It seems we’ve lost our heads — no need for a brain when we’ve got thumbs that type and swipe, seeking out knowledge from a glut of online information too expansive for any one mind to hold. And with the head has gone that stalwart of critical consciousness, the public intellectual. Instead, as media theorist McKenzie Wark terms it in is book of the same title, we have General Intellects — thinkers, who, when constellated, create a collective picture of our world.
No individuals and no minds, big data is the big opportunity to give up on storing information and instead knowing how to find it, and better yet, use it. General intellects are guides to this brave new world, helping us understand how to be and see our own bodies and societies under technological capitalism.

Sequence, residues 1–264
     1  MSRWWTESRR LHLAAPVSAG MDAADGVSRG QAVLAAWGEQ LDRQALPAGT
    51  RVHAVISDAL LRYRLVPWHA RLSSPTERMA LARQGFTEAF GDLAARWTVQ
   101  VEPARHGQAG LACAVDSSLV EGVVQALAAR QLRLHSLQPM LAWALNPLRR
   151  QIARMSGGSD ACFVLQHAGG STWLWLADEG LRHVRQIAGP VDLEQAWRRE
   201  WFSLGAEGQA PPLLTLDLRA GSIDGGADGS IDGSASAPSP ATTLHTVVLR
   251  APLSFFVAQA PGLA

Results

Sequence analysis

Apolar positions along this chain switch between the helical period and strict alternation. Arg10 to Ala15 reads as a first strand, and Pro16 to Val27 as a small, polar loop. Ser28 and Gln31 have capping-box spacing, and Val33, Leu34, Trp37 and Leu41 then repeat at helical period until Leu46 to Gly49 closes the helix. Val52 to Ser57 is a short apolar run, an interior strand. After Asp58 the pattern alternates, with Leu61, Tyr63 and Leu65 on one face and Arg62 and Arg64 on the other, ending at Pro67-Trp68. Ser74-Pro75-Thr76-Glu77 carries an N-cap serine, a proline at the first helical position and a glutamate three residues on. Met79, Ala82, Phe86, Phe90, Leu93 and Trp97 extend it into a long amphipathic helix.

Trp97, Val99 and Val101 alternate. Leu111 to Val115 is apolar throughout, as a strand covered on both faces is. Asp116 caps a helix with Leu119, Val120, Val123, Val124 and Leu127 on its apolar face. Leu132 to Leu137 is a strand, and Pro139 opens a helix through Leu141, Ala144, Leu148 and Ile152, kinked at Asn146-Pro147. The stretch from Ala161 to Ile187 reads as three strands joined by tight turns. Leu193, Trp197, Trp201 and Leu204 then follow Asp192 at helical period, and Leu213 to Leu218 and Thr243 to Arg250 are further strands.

Wark leaps from Chantal Mouffe who proposes new means of gaming conflict in the political sphere, to Paul B. Preciado, whose work explores the ways bodies are produced by images and hormones and who calls for a vanguard that intervenes microscopically, to Sianne Ngai who considers a new series of aesthetic terms, offering a revised starting point for imagining ourselves and the world we might have in the twenty-first century.